The sinking of SS Ceramic

A black and white photograph of HMAT CERAMIC which was used during World War 1 as a troop carrier. The frame around the photograph containing signatures of soldiers and the date '15.12.15' From this date, it is most likely that the soldiers were part of the 12th Reinforcements for the 4th Light Horse Regiment. They departed Melbourne on 23 November 1915. This Regiment was recruited exclusively Victoria in August 1914. ANMM Collection 00027600.

A black and white photograph of HMAT Ceramic, which was used during World War 1 as a troop carrier. The frame around the photograph contains the signatures of soldiers and the date ‘15.12.15’ –  it is likely that the soldiers were part of the 12th Reinforcements for the 4th Light Horse Regiment. They departed Melbourne on 23 November 1915. ANMM Collection 00027600.

A British liner, a German U-boat, the mid-Atlantic Ocean and the Royal Australian Navy – what do they have in common? The SS Ceramic.

Built by the famous Belfast shipbuilders, Harland & Wolff, SS Ceramic was launched on 11 December 1912 for the White Star Line’s Australian service. For 10 years the ocean liner was the largest ship sailing between Europe and Australia. During World War I was requisitioned for the First Australian Imperial Forces as a troopship with the pennant number A40. Continue reading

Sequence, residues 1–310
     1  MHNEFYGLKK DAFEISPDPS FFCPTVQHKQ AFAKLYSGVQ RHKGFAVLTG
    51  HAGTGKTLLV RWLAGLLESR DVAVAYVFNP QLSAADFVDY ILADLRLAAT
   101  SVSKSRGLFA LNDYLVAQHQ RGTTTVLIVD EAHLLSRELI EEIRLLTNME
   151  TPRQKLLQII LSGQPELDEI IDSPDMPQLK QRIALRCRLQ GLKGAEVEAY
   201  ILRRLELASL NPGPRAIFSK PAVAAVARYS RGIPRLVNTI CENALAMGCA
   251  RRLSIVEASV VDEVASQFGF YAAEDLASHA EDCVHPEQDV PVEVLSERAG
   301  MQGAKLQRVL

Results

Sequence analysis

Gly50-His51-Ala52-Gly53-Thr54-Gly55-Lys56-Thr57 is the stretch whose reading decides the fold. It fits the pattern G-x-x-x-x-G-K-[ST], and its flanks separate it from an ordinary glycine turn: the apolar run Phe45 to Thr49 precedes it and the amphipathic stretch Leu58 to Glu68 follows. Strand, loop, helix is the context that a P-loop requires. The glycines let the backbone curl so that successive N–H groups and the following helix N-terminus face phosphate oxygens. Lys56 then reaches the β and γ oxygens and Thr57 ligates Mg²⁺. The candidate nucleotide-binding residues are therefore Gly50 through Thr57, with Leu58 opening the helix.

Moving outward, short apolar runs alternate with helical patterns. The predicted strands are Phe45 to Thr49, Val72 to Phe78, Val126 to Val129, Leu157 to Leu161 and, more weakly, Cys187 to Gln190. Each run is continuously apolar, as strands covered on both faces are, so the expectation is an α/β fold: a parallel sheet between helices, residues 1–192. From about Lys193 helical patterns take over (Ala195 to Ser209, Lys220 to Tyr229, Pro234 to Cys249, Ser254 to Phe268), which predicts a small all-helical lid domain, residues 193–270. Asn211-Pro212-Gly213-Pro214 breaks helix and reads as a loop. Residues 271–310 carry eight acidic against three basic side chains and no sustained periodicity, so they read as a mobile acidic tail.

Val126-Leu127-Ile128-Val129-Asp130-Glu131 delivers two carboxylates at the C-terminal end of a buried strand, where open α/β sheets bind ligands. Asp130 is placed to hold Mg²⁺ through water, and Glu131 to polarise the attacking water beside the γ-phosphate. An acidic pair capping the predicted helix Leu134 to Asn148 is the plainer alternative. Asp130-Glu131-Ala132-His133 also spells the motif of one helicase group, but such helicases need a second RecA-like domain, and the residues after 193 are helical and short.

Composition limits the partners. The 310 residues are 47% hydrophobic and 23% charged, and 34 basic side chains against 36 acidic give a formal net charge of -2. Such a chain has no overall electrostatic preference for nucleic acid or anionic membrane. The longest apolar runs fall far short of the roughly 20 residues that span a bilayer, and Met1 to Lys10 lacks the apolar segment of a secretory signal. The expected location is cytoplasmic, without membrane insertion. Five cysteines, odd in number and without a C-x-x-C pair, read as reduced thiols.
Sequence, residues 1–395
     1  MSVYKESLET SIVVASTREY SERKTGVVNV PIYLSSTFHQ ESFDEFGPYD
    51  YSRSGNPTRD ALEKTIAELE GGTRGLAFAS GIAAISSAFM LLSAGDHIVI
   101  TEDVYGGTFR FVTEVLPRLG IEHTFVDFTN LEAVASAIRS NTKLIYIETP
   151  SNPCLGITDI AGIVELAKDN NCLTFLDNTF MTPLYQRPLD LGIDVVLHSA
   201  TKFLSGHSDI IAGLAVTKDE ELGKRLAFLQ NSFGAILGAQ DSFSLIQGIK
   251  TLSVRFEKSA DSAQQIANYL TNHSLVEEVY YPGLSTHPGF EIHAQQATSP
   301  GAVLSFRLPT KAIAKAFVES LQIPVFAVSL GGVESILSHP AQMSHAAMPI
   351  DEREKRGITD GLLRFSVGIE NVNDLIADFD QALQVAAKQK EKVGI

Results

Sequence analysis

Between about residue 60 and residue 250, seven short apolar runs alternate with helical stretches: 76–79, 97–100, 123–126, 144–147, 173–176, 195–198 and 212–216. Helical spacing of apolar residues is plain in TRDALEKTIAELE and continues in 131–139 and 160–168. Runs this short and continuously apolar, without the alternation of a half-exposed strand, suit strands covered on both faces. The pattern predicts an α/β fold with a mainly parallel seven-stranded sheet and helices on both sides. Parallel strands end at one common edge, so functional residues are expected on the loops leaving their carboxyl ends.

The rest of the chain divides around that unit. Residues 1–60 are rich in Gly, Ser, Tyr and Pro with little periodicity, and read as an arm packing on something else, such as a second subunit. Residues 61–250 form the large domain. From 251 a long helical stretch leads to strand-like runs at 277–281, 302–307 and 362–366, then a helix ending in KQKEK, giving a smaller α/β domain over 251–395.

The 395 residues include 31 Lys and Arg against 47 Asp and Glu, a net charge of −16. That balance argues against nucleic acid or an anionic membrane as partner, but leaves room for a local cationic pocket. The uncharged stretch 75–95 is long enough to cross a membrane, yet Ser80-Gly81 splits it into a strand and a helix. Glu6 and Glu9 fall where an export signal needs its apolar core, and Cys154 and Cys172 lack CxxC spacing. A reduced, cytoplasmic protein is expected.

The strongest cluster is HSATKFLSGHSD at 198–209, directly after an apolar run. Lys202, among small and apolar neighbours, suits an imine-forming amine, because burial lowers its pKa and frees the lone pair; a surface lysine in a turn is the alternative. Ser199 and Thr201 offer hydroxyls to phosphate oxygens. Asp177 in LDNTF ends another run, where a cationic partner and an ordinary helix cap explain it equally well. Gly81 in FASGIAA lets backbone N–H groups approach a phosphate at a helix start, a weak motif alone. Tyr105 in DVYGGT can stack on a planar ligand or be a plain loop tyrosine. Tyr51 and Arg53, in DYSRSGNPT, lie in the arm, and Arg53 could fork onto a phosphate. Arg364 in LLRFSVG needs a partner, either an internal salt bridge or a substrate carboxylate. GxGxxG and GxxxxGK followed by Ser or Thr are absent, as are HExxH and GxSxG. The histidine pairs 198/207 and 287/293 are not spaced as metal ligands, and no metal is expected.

The sinking of TAHITI – a disaster captured on film

Passengers peer through windows on the deck of the liner VENTURA and hang over the ship’s railings, completely engrossed in the scene in front of them. Some are still climbing ladders up the side of the vessel, while others wait in lifeboats below. Several hundred metres away a ship, their ship, RMS TAHITI is sinking before their very eyes – set to become a relic at the bottom of the Pacific Ocean.

Passengers of the sunken liner TAHITI await transfer to VENTURA

Passengers of the sunken liner TAHITI await transfer to VENTURA. ANMS1122[018] ANMM Collection Gift from Shirley Eutrope

It is 18 August 1930 and the passenger liner TAHITI, two days after its starboard propeller shaft first fractured and then smashed through the side of the hull, is finally succumbing to the irreparable damage. Continue reading